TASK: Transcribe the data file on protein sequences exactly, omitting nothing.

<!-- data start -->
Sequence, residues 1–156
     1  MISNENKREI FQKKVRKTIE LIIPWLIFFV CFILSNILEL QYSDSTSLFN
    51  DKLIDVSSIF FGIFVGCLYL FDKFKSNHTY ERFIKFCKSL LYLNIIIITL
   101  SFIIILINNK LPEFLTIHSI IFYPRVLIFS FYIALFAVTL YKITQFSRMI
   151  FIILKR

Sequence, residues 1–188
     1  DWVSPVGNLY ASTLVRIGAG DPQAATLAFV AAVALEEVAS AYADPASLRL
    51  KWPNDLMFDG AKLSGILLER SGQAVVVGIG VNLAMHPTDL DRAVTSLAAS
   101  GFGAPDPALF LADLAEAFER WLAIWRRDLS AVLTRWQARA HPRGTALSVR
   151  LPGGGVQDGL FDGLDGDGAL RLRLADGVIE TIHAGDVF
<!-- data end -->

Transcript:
Sequence, residues 1–156
     1  MISNENKREI FQKKVRKTIE LIIPWLIFFV CFILSNILEL QYSDSTSLFN
    51  DKLIDVSSIF FGIFVGCLYL FDKFKSNHTY ERFIKFCKSL LYLNIIIITL
   101  SFIIILINNK LPEFLTIHSI IFYPRVLIFS FYIALFAVTL YKITQFSRMI
   151  FIILKR

Sequence, residues 1–188
     1  DWVSPVGNLY ASTLVRIGAG DPQAATLAFV AAVALEEVAS AYADPASLRL
    51  KWPNDLMFDG AKLSGILLER SGQAVVVGIG VNLAMHPTDL DRAVTSLAAS
   101  GFGAPDPALF LADLAEAFER WLAIWRRDLS AVLTRWQARA HPRGTALSVR
   151  LPGGGVQDGL FDGLDGDGAL RLRLADGVIE TIHAGDVF